While a drilling rig had to recover its riser in deepwater to deploy trees, having IMR support vessels with 90t AHC cranes for 1500m of water and 150t AHC crane for 3000m water depth on site facilitated the xmas tree deployment at marginal cost.
The 107 trees – from the four main subsea hardware suppliers – handled by Bourbon Subsea Services offshore West Africa to date have been deployed in deepwater for companies including Total, Shell, Chevron, BP, Hess and CNR.
The table (below) provides a summary of the range of weights and dimensions of the trees installed thus far. It shows that standard hydrodynamic load analysis provides very conservative results, far from actual recording. As a consequence Bourbon Subsea Services developed its own database record of hydrodynamic drag coefficients for such structures.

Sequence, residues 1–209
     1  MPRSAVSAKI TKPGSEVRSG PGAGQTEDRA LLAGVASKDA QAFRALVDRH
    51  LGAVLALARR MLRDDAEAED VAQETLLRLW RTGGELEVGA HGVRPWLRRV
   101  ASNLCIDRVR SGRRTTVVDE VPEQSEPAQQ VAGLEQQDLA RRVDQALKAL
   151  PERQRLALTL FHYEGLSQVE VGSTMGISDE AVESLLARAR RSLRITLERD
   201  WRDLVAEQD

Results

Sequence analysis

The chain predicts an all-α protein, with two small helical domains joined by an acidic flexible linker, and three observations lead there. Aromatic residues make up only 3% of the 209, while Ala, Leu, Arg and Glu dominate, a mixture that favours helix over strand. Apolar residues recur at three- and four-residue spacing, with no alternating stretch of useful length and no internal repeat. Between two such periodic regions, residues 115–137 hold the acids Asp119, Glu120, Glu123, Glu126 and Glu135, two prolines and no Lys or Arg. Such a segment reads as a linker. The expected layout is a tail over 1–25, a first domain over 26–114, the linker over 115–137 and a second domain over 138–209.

Depending on company drilling strategy, trees can be deployed in batches of up to four units, for batch drilling and completion, or as a single unit.
To provide guidelines for xmas tree installation, from the arrival of the vessel on-site until the vessel's departure, total time in 1400m water depth registers between 18 and 22 hours (inspection of guide base, removal of tree cap, cleaning, lowering of tree, landing and locking, installation of protective tree cap, recovery of crane and ancillary tooling). Lowering a batch of four xmas trees on the same cluster in 1450m of water can be done within 28 hours (an additional 30 hours with locking tests).